Christchurch Travel Blog

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I’ve been asked by many people, “What are the differences between Australia and New Zealand?” Well, in NZ so many things are different from Australia, yet so many are the same. The accent is sort of the same, but the pure vowels (a, e and i) have shifted down a step, eg "step" becomes "stip". I’ve noticed that the older people (over 80’s) don’t have the thuhck (thick) accents of the young people. I sometimes think that the NZ accent is evolving to make it further from the Australian. They have a few words of their own like “chilly bins” (eskies), “jandals” (thongs) and “baches” (weekenders).

Like Australia, New Zealanders have “utes” (pickup trucks), “yakka” (hard work), “chooks” (chickens), “lollies” (sweets), “cockies” (farmers), “whitebait” (smelt), and “mutton birds” (short-tailed shearwaters). They even call remote places “Wop-Wop”, which sounds close to Australia’s “Woop Woop”! Garage is pronounced “garridge”. Two words I hadn’t heard before were “munted” (prevented) and “pinged” (caught). They don’t seem to make so many spelling mistakes in their signs, and are more particular about not using American spellings such as “authorized”. Nowhere did I see “alternate” where they mean “alternative”. They have some Americanisms though, such as “cell phones” and “take out”.

I was intrigued that they had “No Cruising Zones”, so I had to ask. The police have had to crack down on boy racers driving around the central business district showing off their cars and being a general nuisance. We call it “hooning” or “doing blockies”. These “cruisers” sometimes pour diesel onto the road and spin their wheels to produce flames. You can see the results on the “tarseal” (bitumen). Since the earthquake they have not been a problem.

The people are polite and helpful and the children thank the driver when they get off the bus. Petrol is over $2 a gallon, bananas (from Ecuador) $2-3 kilo. (I just had to buy some). Local fruit and vegies are generally cheaper, but other food items are more expensive, like canned fish. I was surprised that cheese was so expensive in a country renowned for being the world’s biggest exporter of dairy products. I went to a “Countdown” supermarket and it was the same branding as Woolworths; colour scheme, uniforms, marketing, and rewards system. Even the logo is the same – an apple peel arranged into a letter W (for Woolworths) that to me looks like a map of Australia! The houses are neat and imaginative, and the streets are clean, but rough from the earthquake.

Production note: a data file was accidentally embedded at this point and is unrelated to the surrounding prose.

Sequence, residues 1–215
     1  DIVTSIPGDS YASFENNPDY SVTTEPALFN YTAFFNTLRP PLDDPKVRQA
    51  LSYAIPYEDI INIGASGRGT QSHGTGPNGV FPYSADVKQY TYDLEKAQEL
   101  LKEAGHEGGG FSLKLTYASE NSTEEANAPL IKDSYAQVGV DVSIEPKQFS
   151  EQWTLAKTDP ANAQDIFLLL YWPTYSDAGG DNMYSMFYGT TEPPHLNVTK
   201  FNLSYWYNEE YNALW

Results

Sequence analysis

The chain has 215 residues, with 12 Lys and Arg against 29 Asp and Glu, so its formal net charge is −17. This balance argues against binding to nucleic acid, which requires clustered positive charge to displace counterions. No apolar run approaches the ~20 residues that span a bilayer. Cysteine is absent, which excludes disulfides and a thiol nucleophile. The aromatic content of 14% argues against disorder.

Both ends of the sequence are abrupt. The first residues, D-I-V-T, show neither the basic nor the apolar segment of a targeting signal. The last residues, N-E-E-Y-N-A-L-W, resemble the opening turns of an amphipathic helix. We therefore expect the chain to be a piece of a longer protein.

The landscape is spectacular. Everywhere you look is a good view. The grass is green, the rivers always flow, and are clean and blue. The hills are steep. The mountains are high. The forests are huge. The plains are extensive. The farms are big.

The people were so friendly. I had no trouble hitching around the country. I was frequently offered hospitality. I used BBH hostels, which ranged in price from $20 to $36. I stayed in motels and in on-site vans, the most expensive costing me $117, with no facilities. I travelled by Intercity bus but they weren't always convenient so I hitched.

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photo by: Fulla